A fresh appeal was launched in March 2004 to reach the Trust’s commitment of 29% of the funding total, required before the HLF would issue a ‘Stage 2 Pass’ and release the grant. Finally, Dr Pleming and Felicity Irwin were able to announce that “this is indeed history in the making. Although we have thought that this day would come it seems to have taken forever and it is hard to really believe that at last we can commence the work on XH558 to return her to her rightful place in the sky. Emotions are running high but we will soon come back to earth and begin the very serious work of recreating an airworthy Vulcan.”
In early 2005, Andrew Edmondson decided to rejoin the Vulcan to the Sky team as Engineering Manager after a 3-year absence in more conventional employment. Andrew’s contribution to defining, planning and directing the technical activities in a unique environment proved vital to success. On the 28th April 2005 the Trust and Marshall Aerospace (as the Engineering Authority) signed the contract that formalised the start of work. The Trust had purchased XH558 from the Waltons, and the Bruntingthorpe hangar underwent the work necessary to gain E4 (design) and M5 (maintenance) approvals from the CAA. Several months later, thanks to a dedicated team of staff and volunteers, the hangar was audited by the CAA and declared ‘fit for purpose’.
In November 2002 the bid for Lottery money was turned down. A shocked Dr Pleming said: “We are aghast at the decision. We are not just enthusiastic about this amazing aircraft, we are professionals that recognise her engineering and heritage value”. Supporters protested, and eventually the VTST was invited to re-apply, with guidance offered on improving the bid by stressing the Vulcan’s role in the Cold War, (a subject that formed part of the state schools’ history curriculum), and emphasising the Vulcan’s excellence as a piece of engineering, at the forefront of aircraft design in its time.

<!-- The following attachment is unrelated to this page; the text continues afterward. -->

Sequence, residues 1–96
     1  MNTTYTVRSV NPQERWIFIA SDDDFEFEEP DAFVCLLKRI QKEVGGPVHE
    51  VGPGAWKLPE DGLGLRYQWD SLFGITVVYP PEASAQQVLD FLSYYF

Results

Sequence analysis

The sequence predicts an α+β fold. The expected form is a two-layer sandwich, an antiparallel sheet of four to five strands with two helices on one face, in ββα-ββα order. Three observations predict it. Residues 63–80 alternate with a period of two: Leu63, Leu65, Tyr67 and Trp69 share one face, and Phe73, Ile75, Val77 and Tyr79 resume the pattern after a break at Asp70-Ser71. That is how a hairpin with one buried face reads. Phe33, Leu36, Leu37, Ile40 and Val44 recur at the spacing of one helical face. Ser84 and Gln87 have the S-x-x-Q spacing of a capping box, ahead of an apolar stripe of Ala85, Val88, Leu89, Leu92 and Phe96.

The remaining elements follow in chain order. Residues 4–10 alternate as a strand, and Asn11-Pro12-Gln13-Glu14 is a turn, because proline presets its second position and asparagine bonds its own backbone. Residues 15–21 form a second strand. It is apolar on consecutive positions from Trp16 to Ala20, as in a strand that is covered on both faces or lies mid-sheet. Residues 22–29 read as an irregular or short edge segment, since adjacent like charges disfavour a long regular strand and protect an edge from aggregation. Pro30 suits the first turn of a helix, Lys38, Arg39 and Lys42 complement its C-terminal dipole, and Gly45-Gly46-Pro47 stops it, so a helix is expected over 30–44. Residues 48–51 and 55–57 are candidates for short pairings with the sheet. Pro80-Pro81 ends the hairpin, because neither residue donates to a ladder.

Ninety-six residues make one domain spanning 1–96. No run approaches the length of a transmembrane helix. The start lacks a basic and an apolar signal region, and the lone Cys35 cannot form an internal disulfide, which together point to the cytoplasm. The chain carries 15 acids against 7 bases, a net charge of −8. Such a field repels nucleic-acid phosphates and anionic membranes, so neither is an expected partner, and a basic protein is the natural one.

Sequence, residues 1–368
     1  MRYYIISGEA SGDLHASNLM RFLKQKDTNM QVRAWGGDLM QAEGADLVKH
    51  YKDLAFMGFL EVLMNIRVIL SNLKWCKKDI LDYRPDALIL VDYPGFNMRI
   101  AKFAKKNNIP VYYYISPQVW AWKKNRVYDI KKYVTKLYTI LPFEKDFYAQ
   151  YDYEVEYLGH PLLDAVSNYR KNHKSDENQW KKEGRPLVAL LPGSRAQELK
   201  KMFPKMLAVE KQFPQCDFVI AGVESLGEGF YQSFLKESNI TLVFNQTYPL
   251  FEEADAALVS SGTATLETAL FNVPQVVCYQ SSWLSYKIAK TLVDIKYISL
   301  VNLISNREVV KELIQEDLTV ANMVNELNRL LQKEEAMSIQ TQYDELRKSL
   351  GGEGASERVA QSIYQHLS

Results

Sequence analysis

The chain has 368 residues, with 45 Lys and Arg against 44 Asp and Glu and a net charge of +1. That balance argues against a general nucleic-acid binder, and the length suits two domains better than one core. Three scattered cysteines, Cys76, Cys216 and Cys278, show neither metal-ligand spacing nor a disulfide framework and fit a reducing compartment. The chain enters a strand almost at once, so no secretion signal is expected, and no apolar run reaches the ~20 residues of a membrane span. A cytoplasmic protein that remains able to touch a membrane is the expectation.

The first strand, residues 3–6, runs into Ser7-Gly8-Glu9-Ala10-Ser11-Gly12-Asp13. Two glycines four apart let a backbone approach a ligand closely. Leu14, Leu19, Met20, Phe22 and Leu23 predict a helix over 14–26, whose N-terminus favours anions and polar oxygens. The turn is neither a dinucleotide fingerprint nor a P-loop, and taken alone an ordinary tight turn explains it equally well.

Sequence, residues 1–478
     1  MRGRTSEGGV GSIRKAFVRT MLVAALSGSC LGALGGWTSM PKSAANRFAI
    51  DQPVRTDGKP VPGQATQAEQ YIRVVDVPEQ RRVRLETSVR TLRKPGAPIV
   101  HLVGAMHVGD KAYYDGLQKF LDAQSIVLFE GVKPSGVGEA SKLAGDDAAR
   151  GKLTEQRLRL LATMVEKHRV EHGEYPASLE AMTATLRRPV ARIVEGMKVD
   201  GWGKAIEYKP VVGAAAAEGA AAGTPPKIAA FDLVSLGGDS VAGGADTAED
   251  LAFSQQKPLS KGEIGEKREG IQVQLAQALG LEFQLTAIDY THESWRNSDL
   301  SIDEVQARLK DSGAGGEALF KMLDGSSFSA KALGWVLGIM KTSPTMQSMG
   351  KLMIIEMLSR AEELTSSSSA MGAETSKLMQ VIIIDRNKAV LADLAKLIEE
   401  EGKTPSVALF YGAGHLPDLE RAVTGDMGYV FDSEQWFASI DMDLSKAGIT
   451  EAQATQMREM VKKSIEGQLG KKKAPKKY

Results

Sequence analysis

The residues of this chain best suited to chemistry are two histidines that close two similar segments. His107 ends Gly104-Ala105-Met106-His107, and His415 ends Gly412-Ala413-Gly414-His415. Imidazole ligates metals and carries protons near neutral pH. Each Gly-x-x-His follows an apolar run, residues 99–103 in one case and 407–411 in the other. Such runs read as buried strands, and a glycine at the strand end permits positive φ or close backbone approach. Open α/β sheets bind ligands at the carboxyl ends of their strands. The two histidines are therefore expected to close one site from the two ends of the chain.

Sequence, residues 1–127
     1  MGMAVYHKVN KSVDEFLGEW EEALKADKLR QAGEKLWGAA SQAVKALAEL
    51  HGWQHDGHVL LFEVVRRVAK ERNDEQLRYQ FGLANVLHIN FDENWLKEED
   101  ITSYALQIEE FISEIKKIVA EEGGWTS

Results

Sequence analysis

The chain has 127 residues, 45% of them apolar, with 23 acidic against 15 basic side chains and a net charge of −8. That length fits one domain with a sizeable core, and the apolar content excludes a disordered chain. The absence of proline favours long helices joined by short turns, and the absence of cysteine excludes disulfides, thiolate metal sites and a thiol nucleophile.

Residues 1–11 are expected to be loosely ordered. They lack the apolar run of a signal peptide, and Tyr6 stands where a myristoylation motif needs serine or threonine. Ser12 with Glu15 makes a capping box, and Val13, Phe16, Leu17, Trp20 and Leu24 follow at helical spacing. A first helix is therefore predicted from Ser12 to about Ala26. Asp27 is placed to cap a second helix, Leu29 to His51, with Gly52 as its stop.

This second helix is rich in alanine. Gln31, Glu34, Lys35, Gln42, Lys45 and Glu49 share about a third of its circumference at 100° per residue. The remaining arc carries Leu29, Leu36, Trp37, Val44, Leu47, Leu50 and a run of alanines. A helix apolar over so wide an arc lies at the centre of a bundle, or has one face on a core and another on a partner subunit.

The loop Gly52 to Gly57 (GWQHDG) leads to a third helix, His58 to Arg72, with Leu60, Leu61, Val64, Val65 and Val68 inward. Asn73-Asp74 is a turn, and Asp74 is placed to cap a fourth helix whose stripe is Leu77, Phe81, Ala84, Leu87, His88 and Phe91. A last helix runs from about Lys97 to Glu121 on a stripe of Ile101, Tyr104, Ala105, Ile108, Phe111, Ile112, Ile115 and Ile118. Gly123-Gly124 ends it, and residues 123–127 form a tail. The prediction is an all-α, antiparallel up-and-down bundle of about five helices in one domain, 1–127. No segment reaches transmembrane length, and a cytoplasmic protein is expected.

2003 was a nail-biting year as the VTST refined the bid and made a second application, until in December a ‘Stage One Pass’ was announced, with a grant of £2.7million for XH558’s restoration. The HLF’s Chair, Liz Forgan, said: “In the normal way of things we do not restore aircraft to flight but the HLF was really impressed with the imaginative way in which the Trust’s new proposal will let as many people as possible learn about this important part of their heritage.” Sir Michael Knight thanked the Heritage Lottery Fund for “their vision in seeing the significance of the restoration to flight of the last remaining Vulcan and the telling of the Cold War story. ‘Victory for Vulcan’ is so apt as the V-force played such a vital part in the Cold War, which was a global influence from 1945 until 1991. We are delighted and as custodians of this awesome part of British Heritage we feel the responsibility of our role. Thank you to everyone who has played a part in this project and has made today possible.”
Work now began in earnest on the restoration, which it was anticipated would take at least a year. The schedule of tasks included not only the ‘Major’ service, but also rectification work as required, and a modification of the rear spar to extend fatigue life (Mod 2222). In addition, a lot of non- essential equipment was to be removed, including two radar systems, bomb bay fuel tank, electronic countermeasures and a substantial amount of electrical wiring. NDT examination of critical parts of the airframe would also be undertaken, using x-ray, ultrasound and eddy current to detect any cracks or weaknesses in the metal. Inaccessible areas of the airframe would be examined using Olympus videoscope equipment, representing a considerable time and cost saving as the inspections would otherwise require skin removal. The videoscope would also prove invaluable for checking engine internals.
Five Marshall Aerospace technicians would be supported by up to 10 Vulcan to the Sky engineers, and a further 10 logistics and administration staff and some subcontractors. In addition, up to 20 design engineers at the Marshall Aerospace Design Office in Cambridge would be involved. In total, the project would need over 100,000 manhours of effort. The VTST engineers all received a 13 week intensive training programme from Marshalls Aerospace in Vulcan avionics/electrical, airframe and propulsion, providing them with wide ranging skills based on solid understanding of all the aircraft systems. Many of the engineering team were also ex Vulcan or V-Force groundcrew, ensuring an excellent skills base to begin with. Volunteers would also be of immense help, even though due to the training requirements they would not be able to work on the airframe itself.